First off most rallies have not kept up with societal changes and secondly exhibitors struggle to stay engaged. The good news is not everyone is in this predicament. Some rally promoters are working hard to stay relevant with the addition of racing exhibitions, updated entertainment and creating a Kustom Kulture appeal to the lifestyle, drawing in bikers and interested non-biker millennials alike. The big issue is very few millennials know how to work with their hands or are even interested in getting greasy never mind riding a motorcycle. Thank God there are some young enthusiasts (we need to listen to them) who will carry the torch until our industry figures out the experience motorcycles provide is the key to future growth. Motorcycles are not going away; as matter of fact I believe we can expect a slow steady growth for the next nine years when the millennials will then have more disposable income and the desire to break away from tech will be gaining momentum. Yes, we will lose some more rallies and aftermarket manufacturing companies but we will also gain new ones and the ones that understand the motorcycle experience will thrive and lead us to a bright future.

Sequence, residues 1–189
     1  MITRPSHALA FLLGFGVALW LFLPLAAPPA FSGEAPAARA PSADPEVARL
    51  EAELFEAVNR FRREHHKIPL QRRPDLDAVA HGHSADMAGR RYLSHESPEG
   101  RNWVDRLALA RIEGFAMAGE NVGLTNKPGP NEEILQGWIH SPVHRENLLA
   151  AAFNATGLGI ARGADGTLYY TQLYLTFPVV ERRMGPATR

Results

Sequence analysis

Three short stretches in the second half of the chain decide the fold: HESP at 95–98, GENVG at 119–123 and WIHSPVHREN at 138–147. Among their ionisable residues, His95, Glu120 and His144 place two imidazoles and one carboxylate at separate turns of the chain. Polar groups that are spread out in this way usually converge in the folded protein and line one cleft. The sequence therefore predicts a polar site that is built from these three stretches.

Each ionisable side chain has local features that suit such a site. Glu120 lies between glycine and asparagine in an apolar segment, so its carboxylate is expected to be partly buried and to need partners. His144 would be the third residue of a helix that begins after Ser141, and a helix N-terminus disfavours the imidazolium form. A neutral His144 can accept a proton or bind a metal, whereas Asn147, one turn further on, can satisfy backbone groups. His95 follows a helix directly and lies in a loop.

There is an overriding concern that the entire moto culture is slipping away. I live by the Texas Motor Speedway and I can tell you from the lack of traffic congestion during Nascar races I am sure their attendance numbers are down too. I got my first car when I was 14 years old and by then I had already been into my go-cart and hydroplane engines. I am no longer amazed when I meet 18-to-20-year-olds that don’t even have their license. May I suggest again, for the one millionth time, the true responsibility to pass the torch is in our hands. We don’t need a passive involvement but a proactive grease-on-hands approach. For example I rebuilt a bike for my nephew; we were geographically too far apart to do it together. I brought him to Laconia and we are riding to Sturgis together this year. I helped my daughter get a Sportster for her new husband and someday I will finish her trike. While you may not have access to the same resources I have, you can take your nieces and nephews to the next motorcycle event you attend. Motorcycle video games will never be a substitute for your enthusiasm. Get your children to help you wash your bike, adjust your chain, do a pre-ride once over or just sit down and listen to a story about your motorcycle adventures. No one knows better than you what motorcycles mean to you so it is time for you to share that passion and open up the exciting world of motorcycles to all you meet.